What are the best aspects of your subspecialty?
Every patient presents with something unique and that keeps me captivated. Sometimes, the fetal anomalies are so complex that you really feel like a detective trying to figure what had happened, when, and how likely were the visualized changes a result of an instigating event.
Moving beyond the interesting aspects, I think that there is a distinctive difference in how MFM specialists approach their patients. In many circumstances, we are the bearer of bad news; however, we have the opportunity to embark on a distinctive relationship that may span the entire pregnancy and even into the next.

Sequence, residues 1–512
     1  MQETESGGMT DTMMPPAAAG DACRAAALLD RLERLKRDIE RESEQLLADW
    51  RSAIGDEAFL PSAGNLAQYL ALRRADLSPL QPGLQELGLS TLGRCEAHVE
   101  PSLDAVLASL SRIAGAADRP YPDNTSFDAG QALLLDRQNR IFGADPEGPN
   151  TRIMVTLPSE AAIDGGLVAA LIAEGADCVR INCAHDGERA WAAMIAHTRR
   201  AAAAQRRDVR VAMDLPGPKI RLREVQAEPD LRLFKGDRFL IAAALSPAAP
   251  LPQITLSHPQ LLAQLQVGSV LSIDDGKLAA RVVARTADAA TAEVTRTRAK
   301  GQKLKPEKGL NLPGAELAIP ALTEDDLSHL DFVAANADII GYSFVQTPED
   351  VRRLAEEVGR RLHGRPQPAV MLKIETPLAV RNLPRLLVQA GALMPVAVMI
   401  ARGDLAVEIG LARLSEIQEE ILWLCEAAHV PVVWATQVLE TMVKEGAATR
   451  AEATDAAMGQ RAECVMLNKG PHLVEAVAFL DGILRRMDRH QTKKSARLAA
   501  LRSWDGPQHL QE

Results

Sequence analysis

What are the most challenging aspects of your subspecialty?
Given the wealth of information that we know about maternal and fetal conditions, you would think that we have every disease down to a science or a quotable number. Unfortunately, we may never have such exact answers. The most challenging aspect of MFM is being unable to tell prospective parents exactly how an anomaly might impact their child’s future development. Nothing is more heartbreaking than telling an expectant mother that the baby they’ve been carrying may never walk, breathe, learn or interact with them after birth. Often, there’s a spectrum of what a child might be like and we can’t even give parents any numbers on impairment and development.
What is one question you’re often asked about your subspecialty?